The final bill passed with the support of 87 Republicans. Before voting on this bill, the House considered a substitute amendment that removed some of the new anomalies. It was defeated by a coalition of Democrats and 60 Republicans. It is important to note that about half of the GOP noes were opposing the bill precisely because it did not contain the new social engineering provisions. So even if all the conservatives had supported the House version, there were enough liberal Republicans to block it. Moreover, even had the GOP version passed the House, the conferees would have inserted the extra provisions in conference anyway.
We’d like to thank the following members who understood that the entire premise of the bill is flawed, superfluous, and an unconstitutional federal power grab. The only thing the federal government can do to protect women is to pass a universal right to carry bill. Everything else is just big government demagoguery. There is no reason a GOP-controlled House should have brought this bill before the body, much less the Senate passed version. If they are concerned about the political optics, they should have just ignored it and changed the subject to…let’s say gas and food prices. Now that is a novel idea. Giving the Democrats two full days to bludgeon you with gender warfare during debate time is evidently more politically prudent than repealing the ethanol mandate or some other useful legislation.
What is the purpose of a GOP-controlled House anyway?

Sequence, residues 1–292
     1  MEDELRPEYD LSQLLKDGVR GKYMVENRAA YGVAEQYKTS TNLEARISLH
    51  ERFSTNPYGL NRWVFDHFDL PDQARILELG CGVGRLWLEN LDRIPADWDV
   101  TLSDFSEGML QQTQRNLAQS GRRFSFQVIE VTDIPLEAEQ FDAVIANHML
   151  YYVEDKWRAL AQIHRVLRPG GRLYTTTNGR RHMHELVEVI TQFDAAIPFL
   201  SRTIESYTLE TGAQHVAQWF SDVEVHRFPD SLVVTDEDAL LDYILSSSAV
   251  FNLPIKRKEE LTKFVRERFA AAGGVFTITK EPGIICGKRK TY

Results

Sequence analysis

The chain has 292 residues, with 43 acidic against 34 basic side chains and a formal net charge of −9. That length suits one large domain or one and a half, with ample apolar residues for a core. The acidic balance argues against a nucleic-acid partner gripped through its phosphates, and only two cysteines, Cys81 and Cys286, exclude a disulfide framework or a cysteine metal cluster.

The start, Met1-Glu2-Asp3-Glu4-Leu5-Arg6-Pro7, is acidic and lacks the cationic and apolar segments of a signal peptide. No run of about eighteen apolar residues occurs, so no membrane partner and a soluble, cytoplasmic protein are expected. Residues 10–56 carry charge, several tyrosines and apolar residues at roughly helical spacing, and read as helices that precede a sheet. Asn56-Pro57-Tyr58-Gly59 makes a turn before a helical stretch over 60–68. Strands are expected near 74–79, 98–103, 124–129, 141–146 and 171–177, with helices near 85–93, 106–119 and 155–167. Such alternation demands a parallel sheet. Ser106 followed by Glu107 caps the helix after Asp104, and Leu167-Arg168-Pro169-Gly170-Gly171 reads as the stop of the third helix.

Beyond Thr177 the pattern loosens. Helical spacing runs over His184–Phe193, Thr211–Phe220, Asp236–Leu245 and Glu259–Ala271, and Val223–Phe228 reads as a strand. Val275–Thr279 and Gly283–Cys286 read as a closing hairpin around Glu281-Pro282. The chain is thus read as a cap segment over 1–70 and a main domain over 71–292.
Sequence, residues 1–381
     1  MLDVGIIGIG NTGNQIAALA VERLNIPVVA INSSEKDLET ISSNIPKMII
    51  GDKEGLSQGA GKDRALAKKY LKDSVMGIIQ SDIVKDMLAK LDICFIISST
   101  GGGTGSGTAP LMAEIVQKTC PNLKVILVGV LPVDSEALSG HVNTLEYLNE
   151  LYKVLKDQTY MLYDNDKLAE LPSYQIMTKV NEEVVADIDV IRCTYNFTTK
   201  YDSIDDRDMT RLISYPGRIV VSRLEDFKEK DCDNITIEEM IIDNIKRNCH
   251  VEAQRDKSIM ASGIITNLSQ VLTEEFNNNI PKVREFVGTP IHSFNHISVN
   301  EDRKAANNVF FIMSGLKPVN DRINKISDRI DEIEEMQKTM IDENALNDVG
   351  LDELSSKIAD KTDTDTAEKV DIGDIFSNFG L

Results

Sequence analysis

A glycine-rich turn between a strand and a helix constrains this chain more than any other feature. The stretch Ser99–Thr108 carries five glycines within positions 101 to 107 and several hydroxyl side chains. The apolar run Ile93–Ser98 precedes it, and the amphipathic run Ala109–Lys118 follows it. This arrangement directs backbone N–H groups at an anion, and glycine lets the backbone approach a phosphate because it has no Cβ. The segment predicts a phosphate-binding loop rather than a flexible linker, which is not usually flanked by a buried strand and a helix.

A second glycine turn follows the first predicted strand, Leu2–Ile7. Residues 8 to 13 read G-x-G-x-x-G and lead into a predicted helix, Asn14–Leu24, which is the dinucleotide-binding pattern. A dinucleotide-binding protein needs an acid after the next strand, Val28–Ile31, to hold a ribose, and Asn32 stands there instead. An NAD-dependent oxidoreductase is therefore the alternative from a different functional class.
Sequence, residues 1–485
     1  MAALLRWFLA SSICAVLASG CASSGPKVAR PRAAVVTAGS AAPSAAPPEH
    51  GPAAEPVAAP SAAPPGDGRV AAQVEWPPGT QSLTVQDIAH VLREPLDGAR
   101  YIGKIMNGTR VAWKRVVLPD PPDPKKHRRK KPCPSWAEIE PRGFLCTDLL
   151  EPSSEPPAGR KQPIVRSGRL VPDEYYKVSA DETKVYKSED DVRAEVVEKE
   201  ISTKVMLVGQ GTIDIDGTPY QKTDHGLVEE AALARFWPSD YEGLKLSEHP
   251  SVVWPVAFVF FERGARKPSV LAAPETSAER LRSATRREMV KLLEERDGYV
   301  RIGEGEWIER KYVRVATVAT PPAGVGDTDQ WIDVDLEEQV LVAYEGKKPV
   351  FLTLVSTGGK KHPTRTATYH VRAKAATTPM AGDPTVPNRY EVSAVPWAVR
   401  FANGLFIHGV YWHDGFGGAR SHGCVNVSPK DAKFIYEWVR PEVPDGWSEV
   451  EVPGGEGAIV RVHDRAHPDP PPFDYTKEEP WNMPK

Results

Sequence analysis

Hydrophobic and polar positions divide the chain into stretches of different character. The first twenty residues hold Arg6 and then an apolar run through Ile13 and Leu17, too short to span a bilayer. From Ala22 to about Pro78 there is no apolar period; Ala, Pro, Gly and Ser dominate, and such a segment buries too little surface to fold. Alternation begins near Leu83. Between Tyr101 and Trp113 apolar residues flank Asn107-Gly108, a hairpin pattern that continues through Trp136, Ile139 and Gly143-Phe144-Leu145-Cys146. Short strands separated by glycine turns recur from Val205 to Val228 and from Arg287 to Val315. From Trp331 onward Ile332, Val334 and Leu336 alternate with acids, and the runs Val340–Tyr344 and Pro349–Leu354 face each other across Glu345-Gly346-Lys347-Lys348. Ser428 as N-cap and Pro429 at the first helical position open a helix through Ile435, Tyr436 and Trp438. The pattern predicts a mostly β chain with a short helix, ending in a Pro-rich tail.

The following 27 members voted no on both bills:
Thursday, February 28th, 2013 and is filed under Uncategorized
If you want to know why conservatives are losing the battle for this country, look no further than the imbalance in presidential nominees. When Republicans are president and they nominate strong conservatives to the cabinet, Democrats move heaven and earth to oppose them. Republicans just genuflect before Democrats now that Obama is president.
Aside for the fact that Jack Lew is the architect of Obama’s socialist fiscal policy, he also lied before the Senate Finance Committee concerning his role in the sequester, as confirmed by Bob Woodward. Yet, 20 Republicans voted to confirm him as the next Secretary of Treasury.
This idea that the president is entitled to appoint anyone he chooses is absurd. The Constitution grants each individual senator the authority to reject that nominee. Yes, there has been a tradition (not a Constitutional mandate) to grant the president leeway in appointing cabinet members. But that tradition was broken long ago by Democrats. We are in a war for the heart and soul of the Republic and we have no requirement to confirm people who themselves have no regard for the Constitution. We have no requirement to confirm people like Chuck Hagel, who are not qualified to serve in the Defense Department. Nor are we required to confirm socialist liars to the Treasury. The Democrats will never reciprocate this courtesy for controversial Republican nominations.
The 20 Republicans who voted for Lew are listed below the fold